Running for the Mat
I have always identified as a runner. I ran cross-country and winter track in high school, logged countless miles in western NC during my college years, ran the St. Jude marathon in 2012 and half in 2014 and currently love running on the W&OD trail here in western Loudoun. To me, running is its own form of mediation and physical release, much like yoga. However, I did not start actively practicing yoga and barre while running until moving to Round Hill and joining the Yoga Time community in Purcellville, but I really wish I had. I have always known and appreciated the value and importance of cross-training (although, I’ll be honest, there have been a lot of times in my life when I didn’t do it enough). I love to swim, have previously taught Zumba and have many at home work out DVDs that I regularly do in addition to running. In my opinion though, there really is something extra special about the relationship between yoga and running. Running, especially longer distances on pavement can have brutal impacts on your knees and hips over time, in particularly if you are not taking the time to strengthen your muscles and stretch them out properly – that’s where barre and yoga can be a HUGE benefit.
The isometric low impact exercises you do in a barre class strengthen and tone important muscles runners often overlook but are important ones close to your bones that help strengthen your knees, hips and core. I wish I had been practicing barre while training for my marathon, I think it would have made a big difference in strengthening my whole body (and mind). Barre is so great for strengthening your feet, which is an important thing for runners. It also helps stretch you out and elongate some of the muscles that tend to cramp up when you run long distances. It helps improve your balance and tighten your core, which enables you to be a more efficient and powerful runner. Most of all (for me at least) barre is a super mental workout which challenges, builds, and strengthens mental endurance. I don’t think I’ve gone through one entire barre class without at some point being fatigued to the point of wanting to stop. Pushing through those moments is sometimes more about mental rather than physical endurance. The same can be true sometimes when you’re running. There are times you just hit a mental block where you don’t think you can go any farther (this happened to me quite frequently in the upper miles of my marathon). Pushing through those moments is extremely tough, but super rewarding. It can take a ton of mental strength and endurance to run long distances, and barre is a great way to build that mental fortitude.
Yoga is also good and perhaps arguably the best thing for runners. It has many of the same benefits as barre mentioned above. There are many different types of yoga classes that can build strength, stretch muscles, calm the mind, and help you breathe more deeply. I love the strength a power yoga or vinyasa flow class helps build, especially through the core. It’s something that I think has helped improve my running posture. A slow flow class really helps you concentrate on moving with your breath, which is also an important part of running. Personally, my favorite class at yoga time in terms of running is Deep Stretch and Myofascial Release taught by Mindy on Tuesdays and Thursday mornings from 9:30-10:45am.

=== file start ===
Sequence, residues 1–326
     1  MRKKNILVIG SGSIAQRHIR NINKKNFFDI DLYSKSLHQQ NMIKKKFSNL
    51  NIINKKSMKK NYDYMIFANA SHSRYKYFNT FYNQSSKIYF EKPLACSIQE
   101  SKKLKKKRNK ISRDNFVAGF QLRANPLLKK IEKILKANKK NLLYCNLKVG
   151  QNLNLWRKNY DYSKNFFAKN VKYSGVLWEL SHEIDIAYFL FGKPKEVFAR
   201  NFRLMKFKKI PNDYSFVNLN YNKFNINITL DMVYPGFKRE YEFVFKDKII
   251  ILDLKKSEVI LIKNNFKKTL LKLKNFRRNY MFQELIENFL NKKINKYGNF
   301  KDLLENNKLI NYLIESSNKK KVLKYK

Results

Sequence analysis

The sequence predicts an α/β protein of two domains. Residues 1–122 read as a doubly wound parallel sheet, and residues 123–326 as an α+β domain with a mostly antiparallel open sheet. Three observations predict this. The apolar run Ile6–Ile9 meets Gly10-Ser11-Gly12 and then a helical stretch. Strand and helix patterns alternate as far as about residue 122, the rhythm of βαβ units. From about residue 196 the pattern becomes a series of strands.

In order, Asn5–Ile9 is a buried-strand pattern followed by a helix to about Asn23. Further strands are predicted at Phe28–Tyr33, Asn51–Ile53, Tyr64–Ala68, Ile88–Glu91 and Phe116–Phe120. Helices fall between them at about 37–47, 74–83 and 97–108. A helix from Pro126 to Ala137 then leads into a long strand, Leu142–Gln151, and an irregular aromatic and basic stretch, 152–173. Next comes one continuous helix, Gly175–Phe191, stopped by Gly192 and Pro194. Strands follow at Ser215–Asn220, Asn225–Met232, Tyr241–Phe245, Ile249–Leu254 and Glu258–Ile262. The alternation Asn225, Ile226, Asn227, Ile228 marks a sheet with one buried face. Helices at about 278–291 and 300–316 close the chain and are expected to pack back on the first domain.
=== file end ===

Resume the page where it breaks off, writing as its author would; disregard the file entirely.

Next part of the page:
From the website, “This class focuses on deep release in the joints and tissues of the body, especially the back, hips, thighs and legs. Focus on these tissues has a better effect on stretching and exercising the joint areas of the body.
To understand myofascial release, we must first understand fascia. Imagine a very strong dew-covered spider web encircling a shrub. And between the gaps in the threads is a clear gel, rather than air. If you can picture this, then you’re on your way to understanding fascia. This three-dimensional complex matrix threads itself throughout our body, surrounding our muscles, organs, nerves, bones, blood vessels and even our cells. Everything is held together and in place by fascia. It is impressively flexible and infinitely adaptable.
And because fascia is a very strong, very connected spider web, when one spot on it gets tugged or pulled or injured, the effects ripple throughout the body. This is why we may have pain in our knee that may have nothing to do with a knee injury, but everything to do with an injury to our lower back. The natural, fluid state of the fascia has been traumatized, causing it to harden and tighten.
Myofascial release techniques (MFR) are designed to go in and smooth out those hard knots, returning the fascia to its normal fluid and adaptable self. In MFR, a gentle, sustained pressure is applied to points of restriction (those bunched up spots), allowing the connective tissue to release.
Great for runners and new yogis. It’s the perfect complement to your regular workouts and/or yoga practice.”
The focus on deep stretches in this class paired with using props like tennis balls (which sometimes “hurt so good”) to work out kinks and knots in your muscles is so important for a runners body, which takes a lot of impact from the ground. Plus, if you’re like me, you don’t always stretch for as long and as deeply as you should after running – making a class like this even more important. Some of my best runs since moving here have been after this class.
Everyone is different and has their own reasons and goals for going to Yoga Time Studio and practicing barre and yoga. Barre and yoga are great workouts on their own, however, the added benefits they give to me as a distance runner are one of the main reasons I run for the mat.